Designer sugar lumps. There were designer chocolates too, but I was more impressed with the sugar lumps emblazoned with the Armani logo. I was gazing at the accompaniments to my cappuccino in the cafe at Armani Silos. It was a shame to eat them, but I do have a sweet tooth.
Armani Silos is a museum of design dedicated to the work of Giorgio Armani. It is housed in a former grain silo (hence the name) not far from Milan city centre. Before we set out, I was worried whether my daughter F’s attire was suitable for a visit to such a fashionable destination. She often tells me I know nothing about fashion, so I can only assume that stained tops are the new ripped jeans. I was confident that I was suitably dressed. I wore a George sweater to Giorgio’s museum – what could be more appropriate?
When our family arrived, we were welcomed by a man on reception wearing a dark Armani suit. He offered to take our coats and bags and presented my daughter with a Panini sticker album. When I had Panini football albums as a child, I used to spend all season collecting the stickers and still ended up being 2 or 3 short on each page. This book though was accompanied by all the packets of stickers necessary to fill it.
The album was dedicated to the temporary exhibition on the ground floor, showing the photography of Charles Freger. His work is an anthropological study showing people in traditional costumes and uniforms from across the world. It includes Polynesian dancers, Oriental theatre costumes and uniforms of empire . The colourful costumes in this exhibition helped to inspire some of Armani’s creations, which we were to see on the 3 floors above.
Showing off over 40 years of fashion, the designer’s work was divided into themes, rather than being in chronological order. The first floor was androgynous, showing suits for men and women which he described as conveying understated discreet femininity.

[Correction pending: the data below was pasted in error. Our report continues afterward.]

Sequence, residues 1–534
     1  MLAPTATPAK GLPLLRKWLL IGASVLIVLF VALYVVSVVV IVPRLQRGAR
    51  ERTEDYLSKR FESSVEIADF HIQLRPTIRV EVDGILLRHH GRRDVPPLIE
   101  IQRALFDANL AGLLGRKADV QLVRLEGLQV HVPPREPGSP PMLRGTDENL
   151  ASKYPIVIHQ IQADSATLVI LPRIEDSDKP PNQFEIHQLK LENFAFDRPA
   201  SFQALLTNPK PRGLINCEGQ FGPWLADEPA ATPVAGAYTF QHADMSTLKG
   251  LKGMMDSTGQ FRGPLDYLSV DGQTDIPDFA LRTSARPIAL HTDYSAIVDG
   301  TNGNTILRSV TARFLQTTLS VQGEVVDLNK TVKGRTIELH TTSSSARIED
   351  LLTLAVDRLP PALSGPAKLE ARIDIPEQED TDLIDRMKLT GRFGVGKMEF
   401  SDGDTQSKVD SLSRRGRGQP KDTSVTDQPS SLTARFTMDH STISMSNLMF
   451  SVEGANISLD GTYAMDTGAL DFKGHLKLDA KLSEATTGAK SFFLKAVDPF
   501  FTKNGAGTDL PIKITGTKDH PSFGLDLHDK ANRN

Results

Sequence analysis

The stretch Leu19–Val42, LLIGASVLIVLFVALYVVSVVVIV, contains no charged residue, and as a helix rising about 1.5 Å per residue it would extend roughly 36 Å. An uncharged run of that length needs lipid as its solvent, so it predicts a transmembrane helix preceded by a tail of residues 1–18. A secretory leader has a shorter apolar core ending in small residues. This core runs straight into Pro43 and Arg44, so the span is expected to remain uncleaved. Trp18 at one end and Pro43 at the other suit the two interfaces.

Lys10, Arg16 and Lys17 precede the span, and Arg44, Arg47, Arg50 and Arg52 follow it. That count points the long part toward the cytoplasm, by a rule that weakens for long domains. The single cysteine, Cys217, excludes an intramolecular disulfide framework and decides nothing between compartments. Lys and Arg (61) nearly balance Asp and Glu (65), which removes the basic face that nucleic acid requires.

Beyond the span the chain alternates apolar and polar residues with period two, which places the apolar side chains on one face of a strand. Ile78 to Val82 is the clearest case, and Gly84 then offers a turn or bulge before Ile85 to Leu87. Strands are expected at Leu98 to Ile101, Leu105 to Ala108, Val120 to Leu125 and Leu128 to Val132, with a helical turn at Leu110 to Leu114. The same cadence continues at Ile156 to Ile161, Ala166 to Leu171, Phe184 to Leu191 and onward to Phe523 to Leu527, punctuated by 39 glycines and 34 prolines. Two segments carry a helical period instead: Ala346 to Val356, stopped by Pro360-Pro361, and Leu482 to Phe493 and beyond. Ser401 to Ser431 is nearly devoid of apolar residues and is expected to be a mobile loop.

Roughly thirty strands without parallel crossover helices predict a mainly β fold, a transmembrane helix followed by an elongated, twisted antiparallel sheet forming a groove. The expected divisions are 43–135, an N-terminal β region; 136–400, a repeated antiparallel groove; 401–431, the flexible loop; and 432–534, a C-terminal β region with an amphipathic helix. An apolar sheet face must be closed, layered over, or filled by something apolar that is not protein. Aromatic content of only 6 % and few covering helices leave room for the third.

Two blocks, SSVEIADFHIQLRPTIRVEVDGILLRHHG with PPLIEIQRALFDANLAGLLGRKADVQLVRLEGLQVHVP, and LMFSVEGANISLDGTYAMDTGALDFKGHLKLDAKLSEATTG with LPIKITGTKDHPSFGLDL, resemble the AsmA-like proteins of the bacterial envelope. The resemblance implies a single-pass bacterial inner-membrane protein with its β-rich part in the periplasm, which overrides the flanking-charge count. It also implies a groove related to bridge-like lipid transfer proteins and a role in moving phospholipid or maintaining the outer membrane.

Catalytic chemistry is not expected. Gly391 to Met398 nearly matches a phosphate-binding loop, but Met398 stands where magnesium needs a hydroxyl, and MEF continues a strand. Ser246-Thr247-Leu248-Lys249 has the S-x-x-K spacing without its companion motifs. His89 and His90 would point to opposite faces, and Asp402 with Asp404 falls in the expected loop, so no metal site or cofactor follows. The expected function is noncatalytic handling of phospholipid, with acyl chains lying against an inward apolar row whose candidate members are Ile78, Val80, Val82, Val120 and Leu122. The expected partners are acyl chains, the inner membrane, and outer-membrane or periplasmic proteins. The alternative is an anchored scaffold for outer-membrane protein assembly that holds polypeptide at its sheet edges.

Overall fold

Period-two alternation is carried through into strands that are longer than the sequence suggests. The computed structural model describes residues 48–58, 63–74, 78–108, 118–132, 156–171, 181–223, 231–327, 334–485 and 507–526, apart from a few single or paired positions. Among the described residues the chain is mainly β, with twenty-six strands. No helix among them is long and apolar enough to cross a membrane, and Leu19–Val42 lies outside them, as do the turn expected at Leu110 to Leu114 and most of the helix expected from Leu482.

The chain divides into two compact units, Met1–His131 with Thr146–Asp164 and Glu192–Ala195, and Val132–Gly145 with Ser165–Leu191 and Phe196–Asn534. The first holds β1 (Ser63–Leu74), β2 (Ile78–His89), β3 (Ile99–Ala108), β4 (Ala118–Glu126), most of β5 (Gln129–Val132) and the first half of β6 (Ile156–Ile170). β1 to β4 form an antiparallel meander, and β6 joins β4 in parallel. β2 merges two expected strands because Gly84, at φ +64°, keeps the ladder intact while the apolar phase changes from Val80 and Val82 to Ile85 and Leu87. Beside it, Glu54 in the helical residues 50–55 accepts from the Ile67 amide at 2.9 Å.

The ethnicities gallery was on the 2nd floor, and displayed the strong influence of non-western cultures on Armani’s work, albeit very nuanced. Here it was possible to see Freger’s influence. F seemed to speed around this area quite quickly eager to make her way upstairs.
Much of the 3rd floor was dedicated to the theme of stars, exhibiting the costumes made for Hollywood celebrities. Also on the 3rd floor was the digital archive, which held F’s attention for some time. I’m sure it’s a generation gap thing, but I get confused as to why seeing something on a screen is more interesting than seeing it in real life. The archive contained over 1000 outfits and was intended to reveal the creative process that went into them. There were also videos showing fashion shows, Oscar red carpets and adverts for Armani. I should also mention the accessories section, containing jewellery and other accessories made by the designer. Strangely, this was the only part of the building where we encountered a tour party.